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Are Home Firewalls Really That Important?

In the latter stages of the 2nd decade of the 21st century, our homes have not really changed that much from those of our parents. Aside from a new predominance of cheap throwaway furniture, todays house is largely similar to that of the 70’s. Similar, that is, until we change our point of view, examining not the visible spectrum but rather the electromagnetic spectrum. working-from-home_colorThe past 20 years have seen an explosion in our use of the airwaves and that change has not stopped at our front doors. Todays homes are filled with an argosy of gadgets, many of which independently communicate without any intervention from their human hosts. Indeed, whilst the home of the 70’s was equipped with two main communications channels, namely the desktop telephone and the front door, the contemporary home has been unrecognisably changed by the communications revolution. It is the network which has been the real change across the years, allowing us to reach out in countless different ways but also, quietly, allowing the world to reach in.

And reach in it does.

The latest Government Security Breaches Survey found that nearly three-quarters (74%) of small organisations reported a security breach in the last year; an increase on the 2013 and 2014 survey. SMEs are now being pinpointed by digital attackers. If SMEs are being targeted, rest assured that home networks are too.

So how do we protect our homes? Well, the picture isn’t as bleak as it may seem. Most ISP’s provide equipment which has a built in firewall. Firewalls form your home network’s primary defence against online security risks, and can therefore considerably boost your peace of mind concerning your network security. Without any human intervention, the stock firewall set at its default settings is pretty effective. It basically blocks everything from the outside unless it was requested by something on the inside. So far so good you may think, and you’d be right, however its that sticky part about human intervention that hides the real danger. People feel the need to change their firewall settings. Not only that, they download dodgy code, click dodgy links and generally just circumvent all that good security the firewall was designed to provide. Before long the network security is full of holes and the world starts reaching in.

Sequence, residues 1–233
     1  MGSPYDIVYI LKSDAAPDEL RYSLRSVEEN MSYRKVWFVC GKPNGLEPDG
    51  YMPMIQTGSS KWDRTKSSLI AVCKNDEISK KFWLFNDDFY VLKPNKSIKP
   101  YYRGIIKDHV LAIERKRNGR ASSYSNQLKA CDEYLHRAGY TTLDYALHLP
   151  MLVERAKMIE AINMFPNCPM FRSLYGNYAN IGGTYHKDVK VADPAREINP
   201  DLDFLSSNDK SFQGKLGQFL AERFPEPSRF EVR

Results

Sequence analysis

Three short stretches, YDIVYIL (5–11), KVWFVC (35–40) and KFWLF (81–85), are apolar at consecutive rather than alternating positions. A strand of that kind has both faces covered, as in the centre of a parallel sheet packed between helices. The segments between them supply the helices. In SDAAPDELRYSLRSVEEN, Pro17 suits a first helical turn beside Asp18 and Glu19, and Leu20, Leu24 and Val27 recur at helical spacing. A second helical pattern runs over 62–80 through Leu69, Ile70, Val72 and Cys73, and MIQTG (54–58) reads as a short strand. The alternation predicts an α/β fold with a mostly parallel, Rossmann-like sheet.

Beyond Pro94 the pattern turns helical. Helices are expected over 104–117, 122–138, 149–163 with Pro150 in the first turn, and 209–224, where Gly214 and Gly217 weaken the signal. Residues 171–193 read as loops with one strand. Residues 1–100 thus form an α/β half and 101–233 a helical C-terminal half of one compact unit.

Home networks are becoming ever more complex and the paucity of good quality consumer grade network equipment speaks volumes about our inevitable prioritisation of cost above just about anything. ocean-digital-home-upnp-dlna-font-b-network-b-font-font-b-device-b-font-newsIn their race to the bottom, home network equipment manufacturers need to keep their costs to the bare minimum. They do this by using free vulnerable operating systems which have no simple mechanism to ever be upgraded or more importantly fixed. Theres no getting around the fact that our homes are full of and will continue for quite some time to be full of network equipment that is of a shockingly low security standard.

This brings us nicely back to the question of the home firewall. Yes, generic router firewalls are great out of the box but they only look outwards and never inwards. It is becoming increasingly apparent that home networks which are basically the same as small business networks require better. Low cost solutions do exist and they are effective. For example for those with a spare PC hanging around, the option exists to install a free software firewall (e.g. Sophos XG Home Edition) but its far from an elegant solution to keep a dedicated PC powered up 24×7 and it is one which few consumers would countenance. Other dedicated hardware solutions exist of course but they can be expensive and are in all likelihood, business solutions. Sadly, for the consumer, the choice to manage a firewall in the home is still the preserve of the nerdy computer enthusiast who, ironically is probably less vulnerable than most.

legislationFor now the discussion remains unresolved. It is unlikely that the consumer will find it in their gift to look beyond cost to something that keeps their online lives secure enough and it will likely therefore fall to some broader agency to act. Whether that agency turns out to be the government, the banks who perhaps have most to lose, or some other combination of private sector collaborators remains to be seen. One thing however is certain. The problem is going to get worse before it gets better and it will probably take some form of paradigm shift in public perception for the motivation to be found.

Lets hope the cause of the paradigm shift isn’t too painful.

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